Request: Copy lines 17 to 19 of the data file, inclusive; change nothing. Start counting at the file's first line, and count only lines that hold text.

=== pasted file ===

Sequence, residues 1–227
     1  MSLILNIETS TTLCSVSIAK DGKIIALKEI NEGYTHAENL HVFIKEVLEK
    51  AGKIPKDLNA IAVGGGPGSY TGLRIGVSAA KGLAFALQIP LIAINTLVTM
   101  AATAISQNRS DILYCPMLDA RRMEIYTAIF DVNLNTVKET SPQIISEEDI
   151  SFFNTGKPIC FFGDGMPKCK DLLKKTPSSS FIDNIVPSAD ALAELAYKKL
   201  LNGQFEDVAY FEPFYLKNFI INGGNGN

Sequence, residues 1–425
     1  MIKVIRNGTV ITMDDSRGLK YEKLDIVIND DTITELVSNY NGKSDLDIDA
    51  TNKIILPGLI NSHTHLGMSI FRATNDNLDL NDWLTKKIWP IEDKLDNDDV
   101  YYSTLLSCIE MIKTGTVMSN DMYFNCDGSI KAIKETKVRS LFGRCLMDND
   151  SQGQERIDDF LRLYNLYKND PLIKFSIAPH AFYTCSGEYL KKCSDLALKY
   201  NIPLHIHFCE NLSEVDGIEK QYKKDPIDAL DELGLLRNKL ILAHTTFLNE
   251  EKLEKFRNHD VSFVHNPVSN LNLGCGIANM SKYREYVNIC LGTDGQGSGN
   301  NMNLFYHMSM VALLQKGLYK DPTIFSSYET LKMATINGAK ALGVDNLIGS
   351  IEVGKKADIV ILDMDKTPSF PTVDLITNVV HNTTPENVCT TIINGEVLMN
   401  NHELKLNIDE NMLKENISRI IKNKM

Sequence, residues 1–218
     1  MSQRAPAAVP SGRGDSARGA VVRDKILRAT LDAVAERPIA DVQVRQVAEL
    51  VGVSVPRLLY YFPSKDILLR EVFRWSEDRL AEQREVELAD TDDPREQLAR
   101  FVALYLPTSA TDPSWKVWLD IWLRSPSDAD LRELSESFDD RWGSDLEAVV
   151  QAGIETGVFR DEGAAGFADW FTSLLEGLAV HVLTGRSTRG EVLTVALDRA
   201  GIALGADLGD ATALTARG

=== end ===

Sequence, residues 1–218
     1  MSQRAPAAVP SGRGDSARGA VVRDKILRAT LDAVAERPIA DVQVRQVAEL
    51  VGVSVPRLLY YFPSKDILLR EVFRWSEDRL AEQREVELAD TDDPREQLAR